Program brings courses to area retirees

Featuring foods from Scandinavia, Spain, the French Basque region, Germany, Switzerland and Cuba, a travel-themed party drew a crowd of over 180 people to the Fireside Inn & Suites in West Lebanon on Saturday evening. Hosted by the Institute for Lifelong Education at Dartmouth, an organization intended to support learning among retirees and community members, the party concluded with an auction of posters from around the world.

Founded in 1990 by then-continuing education director Steve Calvert, ILEAD, pronounced “Iliad,” is a department under the umbrella of the Provost’s Office. ILEAD offers 50 to 90 courses each year, in addition to a summer guest lecture series and international trips.

Since its founding, the program has educated over 1,700 members, program manager Lisa King said. Courses are taught by “study leaders,” a group that comprises Dartmouth professors, ILEAD members and area residents who volunteer to teach their peers.

At the Fireside Inn, party-goers enjoyed music from each country that ILEAD members had visited through their classes. A slideshow of the year’s travels played in the background as participants mingled and shared their stories.

“Not only do we want to keep our minds alive, but we want to stay connected to other people,” ​attendee and study leader Stephanie Reininger said.

Study leaders and guest speakers have included former ambassadors, International Monetary Fund members and a retired College president.

“Our motto is peer-led, peer-taught,” King said. “Study leaders don’t necessarily have teaching experience, but they’re passionate about a certain topic that they either know or wish to learn about or share their knowledge and also learn from others in the class.”

One particularly popular course that has attracted undergraduates, graduates and community members centers around Alzheimer’s disease, King said. The class pairs medical students and undergraduates with ILEAD members.

While ILEAD encourages collaboration, it is often difficult to attract undergraduates due to their already hectic schedules, King said.

Courses typically enroll about 20 to 25 people, ILEAD participant and membership services committee chair Mary Ann Holbrook said. Courses are located in Hanover’s senior citizen center, various campus buildings, Lebanon College classrooms, the Wilder Center in Wilder and at Kendal retirement community. ILEAD’s headquarters are on the second floor of the Dartmouth Outing Club house.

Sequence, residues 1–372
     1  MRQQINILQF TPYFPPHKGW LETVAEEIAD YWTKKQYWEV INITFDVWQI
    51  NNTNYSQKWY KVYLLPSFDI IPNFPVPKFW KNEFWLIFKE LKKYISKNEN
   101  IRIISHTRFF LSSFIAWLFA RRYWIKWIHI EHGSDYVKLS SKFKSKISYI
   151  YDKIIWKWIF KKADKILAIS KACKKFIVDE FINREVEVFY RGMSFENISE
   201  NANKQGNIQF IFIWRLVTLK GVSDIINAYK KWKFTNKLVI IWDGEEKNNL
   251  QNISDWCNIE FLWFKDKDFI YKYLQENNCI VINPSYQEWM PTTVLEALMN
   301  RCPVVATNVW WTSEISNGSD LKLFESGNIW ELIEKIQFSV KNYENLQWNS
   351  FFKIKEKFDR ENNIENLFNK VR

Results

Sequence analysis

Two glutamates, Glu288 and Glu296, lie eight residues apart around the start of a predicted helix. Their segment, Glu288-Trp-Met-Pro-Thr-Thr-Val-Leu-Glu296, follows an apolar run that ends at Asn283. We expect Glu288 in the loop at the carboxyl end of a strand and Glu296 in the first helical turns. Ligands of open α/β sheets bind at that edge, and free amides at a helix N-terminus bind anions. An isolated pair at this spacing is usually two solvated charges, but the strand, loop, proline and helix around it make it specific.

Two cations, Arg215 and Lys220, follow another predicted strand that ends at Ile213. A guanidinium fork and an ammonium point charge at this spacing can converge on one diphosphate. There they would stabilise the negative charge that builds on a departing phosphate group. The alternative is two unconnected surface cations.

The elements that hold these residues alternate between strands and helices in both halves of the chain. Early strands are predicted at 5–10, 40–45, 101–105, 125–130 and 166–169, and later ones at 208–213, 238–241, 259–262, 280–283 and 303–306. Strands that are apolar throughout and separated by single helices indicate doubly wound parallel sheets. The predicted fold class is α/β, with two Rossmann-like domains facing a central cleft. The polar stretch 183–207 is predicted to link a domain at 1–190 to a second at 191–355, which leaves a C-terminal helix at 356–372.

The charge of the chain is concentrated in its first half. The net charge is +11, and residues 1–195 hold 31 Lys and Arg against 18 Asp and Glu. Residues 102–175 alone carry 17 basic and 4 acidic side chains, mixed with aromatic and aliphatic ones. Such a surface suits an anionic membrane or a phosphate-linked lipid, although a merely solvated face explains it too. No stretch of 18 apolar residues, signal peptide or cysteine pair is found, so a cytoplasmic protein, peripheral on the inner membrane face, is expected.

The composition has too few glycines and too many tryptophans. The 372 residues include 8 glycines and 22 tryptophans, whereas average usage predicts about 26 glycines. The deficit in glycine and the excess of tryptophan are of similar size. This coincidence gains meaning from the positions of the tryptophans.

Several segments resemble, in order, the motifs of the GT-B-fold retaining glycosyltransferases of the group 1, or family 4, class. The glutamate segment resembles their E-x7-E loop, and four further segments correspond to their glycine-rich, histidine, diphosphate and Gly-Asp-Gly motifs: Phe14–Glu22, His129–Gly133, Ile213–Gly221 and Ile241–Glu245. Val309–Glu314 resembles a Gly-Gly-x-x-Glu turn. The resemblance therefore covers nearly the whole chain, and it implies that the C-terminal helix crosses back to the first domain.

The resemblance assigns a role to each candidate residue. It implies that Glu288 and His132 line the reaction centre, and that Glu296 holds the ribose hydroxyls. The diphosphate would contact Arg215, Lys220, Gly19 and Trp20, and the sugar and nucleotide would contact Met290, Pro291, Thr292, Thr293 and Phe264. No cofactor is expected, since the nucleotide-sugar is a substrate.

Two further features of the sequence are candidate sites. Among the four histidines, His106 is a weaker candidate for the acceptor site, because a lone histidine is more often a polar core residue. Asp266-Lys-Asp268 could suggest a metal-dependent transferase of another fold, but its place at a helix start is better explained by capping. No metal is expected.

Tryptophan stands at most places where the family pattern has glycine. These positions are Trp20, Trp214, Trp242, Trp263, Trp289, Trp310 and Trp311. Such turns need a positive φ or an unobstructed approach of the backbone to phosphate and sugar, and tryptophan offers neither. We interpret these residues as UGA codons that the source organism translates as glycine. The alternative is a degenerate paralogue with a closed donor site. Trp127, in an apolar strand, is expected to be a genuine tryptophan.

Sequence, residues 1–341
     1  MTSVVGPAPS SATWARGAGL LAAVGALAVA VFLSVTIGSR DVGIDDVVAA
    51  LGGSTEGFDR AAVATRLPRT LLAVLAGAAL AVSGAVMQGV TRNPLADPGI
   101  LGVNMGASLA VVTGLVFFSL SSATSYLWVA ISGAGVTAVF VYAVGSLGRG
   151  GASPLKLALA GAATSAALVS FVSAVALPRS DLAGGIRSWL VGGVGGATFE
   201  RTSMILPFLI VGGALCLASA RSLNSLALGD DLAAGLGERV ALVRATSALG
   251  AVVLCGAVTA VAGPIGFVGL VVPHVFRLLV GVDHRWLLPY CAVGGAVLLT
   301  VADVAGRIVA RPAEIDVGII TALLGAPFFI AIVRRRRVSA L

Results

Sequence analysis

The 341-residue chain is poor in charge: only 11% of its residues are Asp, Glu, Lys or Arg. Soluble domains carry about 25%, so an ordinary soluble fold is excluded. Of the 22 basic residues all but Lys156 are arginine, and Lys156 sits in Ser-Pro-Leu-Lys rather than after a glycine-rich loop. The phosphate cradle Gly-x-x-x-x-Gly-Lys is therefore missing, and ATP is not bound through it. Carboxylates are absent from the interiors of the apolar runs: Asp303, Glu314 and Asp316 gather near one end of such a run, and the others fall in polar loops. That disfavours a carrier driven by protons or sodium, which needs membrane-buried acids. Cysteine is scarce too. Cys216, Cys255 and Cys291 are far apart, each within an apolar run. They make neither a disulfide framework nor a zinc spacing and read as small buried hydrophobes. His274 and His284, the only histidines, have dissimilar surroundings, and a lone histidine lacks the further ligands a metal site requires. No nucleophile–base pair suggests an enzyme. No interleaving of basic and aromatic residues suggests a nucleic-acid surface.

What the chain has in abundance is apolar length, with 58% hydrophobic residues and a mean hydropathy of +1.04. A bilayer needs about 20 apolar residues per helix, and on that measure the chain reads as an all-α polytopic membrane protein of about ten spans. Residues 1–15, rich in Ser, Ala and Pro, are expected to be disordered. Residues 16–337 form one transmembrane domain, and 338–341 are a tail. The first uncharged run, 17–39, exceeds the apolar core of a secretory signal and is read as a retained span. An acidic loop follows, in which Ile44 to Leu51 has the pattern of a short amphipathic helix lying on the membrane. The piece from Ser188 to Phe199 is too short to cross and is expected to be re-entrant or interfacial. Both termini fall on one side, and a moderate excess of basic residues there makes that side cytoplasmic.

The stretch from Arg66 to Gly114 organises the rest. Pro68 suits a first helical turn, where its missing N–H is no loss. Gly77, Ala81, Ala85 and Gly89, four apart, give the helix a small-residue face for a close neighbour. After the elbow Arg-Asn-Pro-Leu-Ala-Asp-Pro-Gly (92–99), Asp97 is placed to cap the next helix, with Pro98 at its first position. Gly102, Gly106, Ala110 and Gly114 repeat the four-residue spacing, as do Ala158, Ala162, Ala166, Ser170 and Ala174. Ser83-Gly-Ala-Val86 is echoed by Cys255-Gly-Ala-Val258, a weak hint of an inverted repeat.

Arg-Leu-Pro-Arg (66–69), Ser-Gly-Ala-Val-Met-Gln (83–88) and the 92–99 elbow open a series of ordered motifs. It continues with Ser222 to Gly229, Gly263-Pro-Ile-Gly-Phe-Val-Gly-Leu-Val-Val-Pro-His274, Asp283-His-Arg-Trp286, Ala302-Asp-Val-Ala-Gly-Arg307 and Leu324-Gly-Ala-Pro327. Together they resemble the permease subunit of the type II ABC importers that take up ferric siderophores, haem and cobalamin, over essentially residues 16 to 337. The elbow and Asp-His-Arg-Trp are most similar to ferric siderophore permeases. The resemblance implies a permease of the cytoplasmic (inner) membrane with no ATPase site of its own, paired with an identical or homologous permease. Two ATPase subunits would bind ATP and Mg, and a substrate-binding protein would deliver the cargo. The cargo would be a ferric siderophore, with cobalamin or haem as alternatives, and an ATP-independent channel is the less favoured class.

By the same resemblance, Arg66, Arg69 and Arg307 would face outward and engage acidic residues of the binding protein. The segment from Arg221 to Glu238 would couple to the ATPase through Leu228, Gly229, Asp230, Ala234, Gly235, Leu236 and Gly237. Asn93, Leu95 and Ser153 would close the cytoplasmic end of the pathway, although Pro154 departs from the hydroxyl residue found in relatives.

Past course topics have ranged from “Will the Real St. Paul Please Stand Up” to “How to Use Your iPad,” as well as art classes and global travel. Classes are approved by a committee that recruits study leaders, approves curricula, provides study leader training and collects feedback, ILEAD president Stew Wood ’56 said.

Wood said he particularly enjoys film classes, noting that he took a class last winter examining the issues of the 1970s through film, which focused on the role of women in society, the Vietnam War and the energy crisis.

“Many of us were certainly going to the movies and alive during the ’70s, so it was a nice opportunity to, in a sense, go back and address issues and to what extent have we worked through them as a nation,” Wood said.

According to the organization’s 2013 report, the most recent available, over 1,000 community members attended the year’s 21 special lectures. Topics ranged from pirates to Mormonism. Over 150 courses were offered that year.

Despite maintaining three paid staff members, ILEAD is self-sufficient, King said. Membership and course fees cover the salaries, and participants pay full costs for classes that involve foreign travel.

To help support future endeavors and expand the program’s scope, ILEAD organizers recently attended a conference hosted by the Bernard Osher Foundation in California, an organization that gave ILEAD a $100,000 grant this winter. The Osher Foundation has funded 117 continuing education programs across the nation.

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